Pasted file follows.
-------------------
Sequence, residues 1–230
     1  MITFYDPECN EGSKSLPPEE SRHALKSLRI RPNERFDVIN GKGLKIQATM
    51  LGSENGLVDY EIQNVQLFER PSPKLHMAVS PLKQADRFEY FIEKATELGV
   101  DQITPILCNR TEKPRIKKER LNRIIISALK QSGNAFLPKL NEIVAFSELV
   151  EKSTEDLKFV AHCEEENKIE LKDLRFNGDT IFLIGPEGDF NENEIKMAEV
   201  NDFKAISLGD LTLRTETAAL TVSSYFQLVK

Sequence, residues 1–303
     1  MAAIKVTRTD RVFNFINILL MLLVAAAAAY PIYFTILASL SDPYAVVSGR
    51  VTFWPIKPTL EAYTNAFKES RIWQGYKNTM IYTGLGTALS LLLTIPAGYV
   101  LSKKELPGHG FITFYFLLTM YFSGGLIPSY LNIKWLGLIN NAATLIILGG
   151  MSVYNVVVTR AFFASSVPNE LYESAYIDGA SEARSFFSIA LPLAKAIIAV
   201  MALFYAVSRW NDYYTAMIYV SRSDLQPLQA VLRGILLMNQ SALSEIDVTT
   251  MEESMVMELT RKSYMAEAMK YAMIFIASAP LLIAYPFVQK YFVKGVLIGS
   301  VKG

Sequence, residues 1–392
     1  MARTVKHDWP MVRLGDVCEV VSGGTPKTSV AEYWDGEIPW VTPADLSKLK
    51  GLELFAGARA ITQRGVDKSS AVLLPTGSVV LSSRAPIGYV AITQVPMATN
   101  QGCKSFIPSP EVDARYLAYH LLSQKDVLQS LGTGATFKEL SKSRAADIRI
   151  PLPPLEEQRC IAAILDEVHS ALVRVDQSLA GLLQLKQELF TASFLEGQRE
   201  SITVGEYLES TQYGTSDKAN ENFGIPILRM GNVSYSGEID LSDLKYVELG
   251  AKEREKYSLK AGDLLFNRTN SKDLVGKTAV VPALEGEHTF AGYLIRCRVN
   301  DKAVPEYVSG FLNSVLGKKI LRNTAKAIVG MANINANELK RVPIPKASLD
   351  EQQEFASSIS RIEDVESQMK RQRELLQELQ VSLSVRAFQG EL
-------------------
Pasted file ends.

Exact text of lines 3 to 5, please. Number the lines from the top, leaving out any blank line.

    51  LGSENGLVDY EIQNVQLFER PSPKLHMAVS PLKQADRFEY FIEKATELGV
   101  DQITPILCNR TEKPRIKKER LNRIIISALK QSGNAFLPKL NEIVAFSELV
   151  EKSTEDLKFV AHCEEENKIE LKDLRFNGDT IFLIGPEGDF NENEIKMAEV